Professor Paul Younger, Newcastle University’s former Pro-Vice-Chancellor for Engagement and a world-renowned scientist, has passed away at the age of 55.
Professor Younger was a world-renowned environmental pioneer, considered a global leading expert on the remediation of pollution in the mining industry.
Joining Newcastle University as a geology undergraduate, he went on to become the University’s first Pro-Vice-Chancellor for engagement and afterwards was appointed Director of the Newcastle Institute for Research on Sustainability. After leaving the University in 2012 he became the Rankine Chair of Engineering and continued his work in Glasgow.
During his time in North East, Professor Younger was one of the pioneers behind the drive to make Newcastle a City of Science and Technology, and lead the research to drill for geothermal energy in Newcastle.
Among his other achievements, he led the research team which won Newcastle University its first Queen’s Anniversary Prize for Higher Education in 2005. He was also honoured as a Fellow of the Royal Academy of Engineering in 2007 and as a Fellow of the Royal Society of Edinburgh in 2016.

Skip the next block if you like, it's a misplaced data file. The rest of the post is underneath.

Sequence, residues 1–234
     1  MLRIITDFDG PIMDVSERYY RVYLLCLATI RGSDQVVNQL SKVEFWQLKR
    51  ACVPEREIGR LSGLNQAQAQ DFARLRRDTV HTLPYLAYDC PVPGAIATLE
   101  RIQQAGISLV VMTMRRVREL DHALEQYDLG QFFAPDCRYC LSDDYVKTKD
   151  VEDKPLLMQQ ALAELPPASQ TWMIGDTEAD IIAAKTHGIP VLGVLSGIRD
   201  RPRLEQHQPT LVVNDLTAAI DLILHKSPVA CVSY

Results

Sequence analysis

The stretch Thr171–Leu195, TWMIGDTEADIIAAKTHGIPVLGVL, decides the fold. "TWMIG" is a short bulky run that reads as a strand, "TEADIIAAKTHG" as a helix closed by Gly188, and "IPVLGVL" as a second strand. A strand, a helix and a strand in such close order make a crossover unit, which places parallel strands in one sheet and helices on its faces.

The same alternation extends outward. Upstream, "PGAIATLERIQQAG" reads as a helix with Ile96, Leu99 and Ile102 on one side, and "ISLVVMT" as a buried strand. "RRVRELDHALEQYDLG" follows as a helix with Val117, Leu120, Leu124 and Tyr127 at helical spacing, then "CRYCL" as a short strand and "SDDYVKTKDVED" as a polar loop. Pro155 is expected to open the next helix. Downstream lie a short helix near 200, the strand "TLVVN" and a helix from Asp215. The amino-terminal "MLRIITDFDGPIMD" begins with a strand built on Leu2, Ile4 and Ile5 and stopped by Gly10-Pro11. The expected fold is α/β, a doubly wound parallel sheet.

Professor Younger’s talents extended beyond science and engineering: he mastered a number of languages, including Gaelic, and wrote a column in the Newcastle Chronicle as the “Go Green Doctor” answering questions on issues of sustainability.[pullquote]"I enjoyed his intellect, his challenge, but above all, his passion for his subject, the University and the region.” - Vice Chancellor Professor Chris Day[/pullquote]
Born in Hebburn, Professor Younger was passionate about the North East, and his support for and involvement in local communities led to his appointment as Deputy Lieutenant of Tyne and Wear.
Vice-Chancellor Professor Chris Day said:“It is impossible to sum up Paul in a few sentences – he was a giant of a man in every way and his warmth, enthusiasm and fierce sense of justice permeated everything he did.
“Academically he was known and respected in his field by experts around the world, but it was in his role as ambassador for the University that I knew him best.
“I had the pleasure of working alongside him on the University’s Executive Board for many years and I enjoyed his intellect, his challenge, but above all, his passion for his subject, the University and the region.”
Professor Younger’s family said in a statement: “Of all of his achievements, Paul was most proud of his wonderful marriage to Louise and his very happy family life with his three sons, Thomas, Callum and Dominic.
“Paul was an incredible husband, father and inspiring academic and accomplished musician and linguist in his own right. Gan canny bonny lad.”
The family have requested that all donations be sent to Marie Curie.